As mentioned earlier, Huangshi volcano has erupted many times in the past two million years, and life still exists on the earth today. The Huangshi super volcano is thousands of times more powerful than ordinary volcanoes, but there have only been three truly powerful eruptions in history.
This volcano is just one of several super volcanoes in the world, having experienced 3 eruptions in the past 3 million years. The third and most recent large-scale volcanic eruption 631,000 years ago resulted in the formation of the current Yellowstone Crater, which is 30 x 45 miles wide.
As the North American Plate has moved westward over the past 16.5 million years, the hotspot that is now under the greater Yellowstone region has left a strip of volcanic sediment on the Snake River Plain in Idaho. About 2.1 million years ago, when the hotspot was in the southwestern corner of what is now Yellowstone National Park, volcanic magma reservoirs filled before eruption, leading to one of the largest volcanic eruptions in the geologic record.
The explosion threw ash and debris into the Mississippi River, spewing more than 6,000 times the volume of material erupted during the 1980 eruption of Mount St. Helena. When the underground magma chamber was empty, the earth above it collapsed and formed the first of the three Yellowstone springs. caldera.
The lava flows from this eruption covered an area the size of Washington, DC, and reached 100 feet in thickness. In northwest Wyoming, in the center of Yellowstone National Park, the seething caldera is the scar of a 640,000-year-old giant volcanic eruption.
Beneath Yellowstone National Park lies a reservoir of hot magma five miles deep, fed by a giant plume of molten rock erupting from hundreds of miles below. Heat is removed from molten rock, which is 4–5 miles below the surface of the park, up to the water table, creating gushing geysers and bubbling hot springs.
Visitors often want to know if the Yellowstone Volcano is about to erupt. Here are three facts …
1) the last super eruption occurred about 640,000 years ago;
2) Scientists observing activities in Yellowstone today say that “nothing unusual is happening now”;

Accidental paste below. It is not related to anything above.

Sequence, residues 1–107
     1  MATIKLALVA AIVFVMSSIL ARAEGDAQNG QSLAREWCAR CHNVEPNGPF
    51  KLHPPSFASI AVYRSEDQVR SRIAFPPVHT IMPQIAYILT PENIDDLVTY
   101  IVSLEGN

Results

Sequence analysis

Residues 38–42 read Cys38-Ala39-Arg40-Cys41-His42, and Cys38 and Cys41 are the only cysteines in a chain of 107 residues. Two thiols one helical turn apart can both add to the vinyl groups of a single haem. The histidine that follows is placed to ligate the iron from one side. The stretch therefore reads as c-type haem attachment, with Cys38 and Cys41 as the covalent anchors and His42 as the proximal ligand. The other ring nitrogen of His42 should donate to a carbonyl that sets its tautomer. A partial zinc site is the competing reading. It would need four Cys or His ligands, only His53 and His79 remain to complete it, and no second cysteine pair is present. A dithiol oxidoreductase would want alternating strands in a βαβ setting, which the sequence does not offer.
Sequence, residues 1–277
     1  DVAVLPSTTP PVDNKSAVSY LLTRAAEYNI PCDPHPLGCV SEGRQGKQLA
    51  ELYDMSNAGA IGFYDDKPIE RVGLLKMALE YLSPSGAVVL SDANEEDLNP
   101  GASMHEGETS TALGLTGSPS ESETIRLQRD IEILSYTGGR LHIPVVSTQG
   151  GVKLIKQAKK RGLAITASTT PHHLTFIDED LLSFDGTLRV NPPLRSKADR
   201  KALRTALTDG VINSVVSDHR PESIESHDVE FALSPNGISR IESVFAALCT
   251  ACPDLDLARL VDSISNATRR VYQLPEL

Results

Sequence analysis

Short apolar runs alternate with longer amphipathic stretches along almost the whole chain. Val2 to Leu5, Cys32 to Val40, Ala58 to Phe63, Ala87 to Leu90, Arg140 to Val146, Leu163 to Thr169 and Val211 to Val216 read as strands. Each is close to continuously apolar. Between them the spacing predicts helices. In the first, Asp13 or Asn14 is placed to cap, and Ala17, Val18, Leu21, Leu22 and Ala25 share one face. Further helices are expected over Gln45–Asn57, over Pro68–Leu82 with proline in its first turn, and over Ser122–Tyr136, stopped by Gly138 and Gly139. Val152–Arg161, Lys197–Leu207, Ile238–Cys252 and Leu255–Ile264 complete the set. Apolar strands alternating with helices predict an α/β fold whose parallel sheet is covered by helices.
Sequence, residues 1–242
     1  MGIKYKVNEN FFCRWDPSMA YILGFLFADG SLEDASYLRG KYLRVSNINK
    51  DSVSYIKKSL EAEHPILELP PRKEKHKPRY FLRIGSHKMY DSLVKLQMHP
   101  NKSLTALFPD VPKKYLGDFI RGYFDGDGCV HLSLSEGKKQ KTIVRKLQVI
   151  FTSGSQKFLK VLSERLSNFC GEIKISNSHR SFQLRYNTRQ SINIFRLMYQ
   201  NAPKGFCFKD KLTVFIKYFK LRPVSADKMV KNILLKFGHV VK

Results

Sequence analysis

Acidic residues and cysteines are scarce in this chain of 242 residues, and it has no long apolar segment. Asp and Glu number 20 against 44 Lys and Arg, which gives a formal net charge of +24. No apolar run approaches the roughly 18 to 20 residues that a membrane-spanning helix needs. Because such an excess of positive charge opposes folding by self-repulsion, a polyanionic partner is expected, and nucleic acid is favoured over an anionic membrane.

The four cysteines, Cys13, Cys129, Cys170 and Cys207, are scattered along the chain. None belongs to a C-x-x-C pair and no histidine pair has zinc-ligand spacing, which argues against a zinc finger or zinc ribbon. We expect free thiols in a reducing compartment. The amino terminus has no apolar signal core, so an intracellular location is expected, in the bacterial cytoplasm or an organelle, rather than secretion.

3) a giant eruption must be preceded by important warnings.
It is worth noting that Yellowstone is far from the only supervolcano – geologists have found evidence of at least 47 super-eruptions in Earth’s history. The Yellowstone Supervolcano has produced some of the largest eruptions on Earth.
Yellowstone National Park houses over 10,000 hydrothermal structures: an amazing collection of hot springs, mud pools, fumaroles, travertine terraces and of course geysers. These features are due to the high heat generation of molten rock that fuels volcanic eruptions.
Lowenstern explains that the geysers and hot springs of Yellowstone are a direct consequence of the volcanic system. The Norris Geyser Basin is the oldest hot spring area in Yellowstone, with thermal characteristics dating back 115,000 years.
The magmatic heat that triggers this eruption (and two others that are 2.1 million years old) still feeds the famous geysers, hot springs, fumaroles and mud pots in the park. It is one of the largest known volcanic eruptions and marks Yellowstone as a supervolcano (a term used to describe any volcano erupting more than 240 cubic miles of magma).
The total volume of erupted volcanic material is estimated to be 6,000 times greater than the volume of material erupted during the 1980 eruption.It is believed that the Yellowstone eruption 2.1 million years ago released about 2,450 cubic kilometers of material, and the Yellowstone eruption 640,000 years ago … ago, it is believed to have ejected about 1,000 cubic kilometers of material.
Can Yellowstone Volcano Destroy The World?